Simple Ways to Lower Your Energy Bill

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The average monthly power bill for a household in the United States was $110.14 in 2011. When you multiply that by 12, you get $1,321.68 per year. That’s quite a bit of money when you think about it. With energy costs being what they are, it’s no wonder people are starting to get serious when it comes to conserving energy and reducing their power bill. But there are some surprisingly simple ways to cut back on your energy consumption without having to install solar panels or replace all your appliances. Here are a few ideas…

1. Install a programmable thermostat if you don’t already have one.

If you have one, make sure you’re using it properly. Set it so it uses less energy during the time you’re not at home. For instance, if you leave your house at 7:30 am to go to work, and you won’t return until 5:00 pm, set your thermostat to use less heat/AC during those hours that you’re gone.

Here are some installation tips from the Home Depot:

2. Use your television’s energy saver mode.

Don’t know if your television has one? If it’s a modern television, it probably does. You may have to consult your manual or search through the on-screen menu to find it, but most of today’s sets have it. By setting it to energy saving mode, it will use less power to brighten the screen. You may notice that the color looks slightly different or the contrast is a little lower, but the picture should still be just as clear.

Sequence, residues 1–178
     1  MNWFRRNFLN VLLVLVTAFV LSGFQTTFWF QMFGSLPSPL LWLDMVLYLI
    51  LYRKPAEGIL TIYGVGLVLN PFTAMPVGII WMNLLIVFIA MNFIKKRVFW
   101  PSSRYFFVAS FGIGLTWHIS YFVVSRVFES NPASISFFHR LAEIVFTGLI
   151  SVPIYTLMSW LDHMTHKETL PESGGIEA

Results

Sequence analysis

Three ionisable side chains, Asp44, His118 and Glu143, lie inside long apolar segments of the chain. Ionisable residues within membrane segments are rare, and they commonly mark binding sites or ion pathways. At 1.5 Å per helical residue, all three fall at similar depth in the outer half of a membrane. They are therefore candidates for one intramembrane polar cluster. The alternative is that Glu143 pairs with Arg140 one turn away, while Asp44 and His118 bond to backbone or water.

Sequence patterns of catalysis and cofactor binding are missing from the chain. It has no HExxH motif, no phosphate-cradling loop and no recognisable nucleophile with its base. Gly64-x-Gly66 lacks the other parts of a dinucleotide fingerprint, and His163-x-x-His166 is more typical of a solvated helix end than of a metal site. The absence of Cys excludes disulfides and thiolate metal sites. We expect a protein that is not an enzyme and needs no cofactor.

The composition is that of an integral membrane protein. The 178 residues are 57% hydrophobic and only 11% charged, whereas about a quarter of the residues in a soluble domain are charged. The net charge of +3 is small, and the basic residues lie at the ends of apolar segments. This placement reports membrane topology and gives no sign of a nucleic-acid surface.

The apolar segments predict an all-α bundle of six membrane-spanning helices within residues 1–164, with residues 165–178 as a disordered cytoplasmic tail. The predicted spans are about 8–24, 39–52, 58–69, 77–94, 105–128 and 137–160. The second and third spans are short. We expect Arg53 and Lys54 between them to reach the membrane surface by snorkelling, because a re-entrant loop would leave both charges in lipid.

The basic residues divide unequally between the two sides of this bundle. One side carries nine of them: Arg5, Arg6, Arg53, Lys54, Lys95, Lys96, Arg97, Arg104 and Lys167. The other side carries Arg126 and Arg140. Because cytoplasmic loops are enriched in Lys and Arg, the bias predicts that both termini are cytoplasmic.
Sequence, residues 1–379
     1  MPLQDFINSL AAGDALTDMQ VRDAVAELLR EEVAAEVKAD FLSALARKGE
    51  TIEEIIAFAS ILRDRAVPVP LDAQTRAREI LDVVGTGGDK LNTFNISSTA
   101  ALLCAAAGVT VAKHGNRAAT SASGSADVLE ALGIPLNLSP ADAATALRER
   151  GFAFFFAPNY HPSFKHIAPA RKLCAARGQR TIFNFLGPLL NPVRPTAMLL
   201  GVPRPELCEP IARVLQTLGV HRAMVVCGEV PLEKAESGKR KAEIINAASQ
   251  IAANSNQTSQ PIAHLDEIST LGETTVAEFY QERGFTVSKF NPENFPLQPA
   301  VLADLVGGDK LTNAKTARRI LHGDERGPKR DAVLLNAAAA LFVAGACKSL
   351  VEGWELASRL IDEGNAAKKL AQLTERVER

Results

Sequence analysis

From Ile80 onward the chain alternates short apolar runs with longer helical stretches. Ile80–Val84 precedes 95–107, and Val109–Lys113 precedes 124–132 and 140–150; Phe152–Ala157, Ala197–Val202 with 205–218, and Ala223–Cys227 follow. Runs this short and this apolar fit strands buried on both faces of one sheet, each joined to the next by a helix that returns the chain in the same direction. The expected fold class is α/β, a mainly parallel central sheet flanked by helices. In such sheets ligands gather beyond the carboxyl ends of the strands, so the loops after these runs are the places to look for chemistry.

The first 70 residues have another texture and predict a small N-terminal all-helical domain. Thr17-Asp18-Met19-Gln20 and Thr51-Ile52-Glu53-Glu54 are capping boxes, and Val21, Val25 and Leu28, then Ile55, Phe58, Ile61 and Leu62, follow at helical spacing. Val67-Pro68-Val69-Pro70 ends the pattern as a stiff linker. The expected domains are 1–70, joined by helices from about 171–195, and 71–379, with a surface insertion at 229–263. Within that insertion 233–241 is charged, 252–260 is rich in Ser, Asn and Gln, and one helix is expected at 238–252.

3. Use natural light whenever possible.

If you’re home during the day, don’t use electric lights if at all possible. Open your blinds and windows and let the sunshine in. Natural light is great because it doesn’t cost anything to use, it helps make your home look more attractive, and some health experts say that sunlight actually can have emotional health benefits, even helping treat depression and anxiety.

4. Don’t run your dishwasher or clothes washer unless it’s full.

Why waste the water and power to heat the water on a load that’s only half-full? Wait until you’ve got a complete load and you’ll be doing less work, using less energy and saving water – all at the same time!

5. Practice energy efficient computer use.

The United States Department of Energy suggests turning off your monitor if you’re not going to use your PC for more than 20 minutes. They also suggest turning off both the CPU and monitor if you’re not going to use the system for more than 2 hours. You should also make sure your monitor, printer and other accessories are plugged into a power strip/surge protector. When these systems are not in use for long periods of time, turn the power strip off to prevent the electronics from drawing power even when they are turned off.

Got any other suggestions for saving on your power bill? Let me know in the comments!

If you’re in the home building or remodeling process, there are some good energy saving tips in the following video from P. Allen Smith:

Lisa is a cost-cutting, money-saving, life-simplifying guru, ready to share her secrets and the tricks up her sleeve. As a mother to a teenager and a twenty-something, avid surfer, and world traveler, Lisa knows how to live the good life on a budget. She covers topics that help us let go of wasteful and costly habits, and embrace those that do our wallets, our bodies, our families, and our planet some good!

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